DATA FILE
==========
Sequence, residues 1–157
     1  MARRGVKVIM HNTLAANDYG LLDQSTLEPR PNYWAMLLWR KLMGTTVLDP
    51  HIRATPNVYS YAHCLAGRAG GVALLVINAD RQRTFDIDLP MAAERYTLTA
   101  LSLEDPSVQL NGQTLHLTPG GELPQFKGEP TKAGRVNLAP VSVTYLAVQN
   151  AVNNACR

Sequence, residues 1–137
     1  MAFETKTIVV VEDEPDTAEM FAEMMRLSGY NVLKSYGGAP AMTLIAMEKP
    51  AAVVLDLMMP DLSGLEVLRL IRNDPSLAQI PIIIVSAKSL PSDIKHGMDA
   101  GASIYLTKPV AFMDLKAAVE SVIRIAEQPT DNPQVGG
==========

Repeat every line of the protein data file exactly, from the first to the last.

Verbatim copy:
Sequence, residues 1–157
     1  MARRGVKVIM HNTLAANDYG LLDQSTLEPR PNYWAMLLWR KLMGTTVLDP
    51  HIRATPNVYS YAHCLAGRAG GVALLVINAD RQRTFDIDLP MAAERYTLTA
   101  LSLEDPSVQL NGQTLHLTPG GELPQFKGEP TKAGRVNLAP VSVTYLAVQN
   151  AVNNACR

Sequence, residues 1–137
     1  MAFETKTIVV VEDEPDTAEM FAEMMRLSGY NVLKSYGGAP AMTLIAMEKP
    51  AAVVLDLMMP DLSGLEVLRL IRNDPSLAQI PIIIVSAKSL PSDIKHGMDA
   101  GASIYLTKPV AFMDLKAAVE SVIRIAEQPT DNPQVGG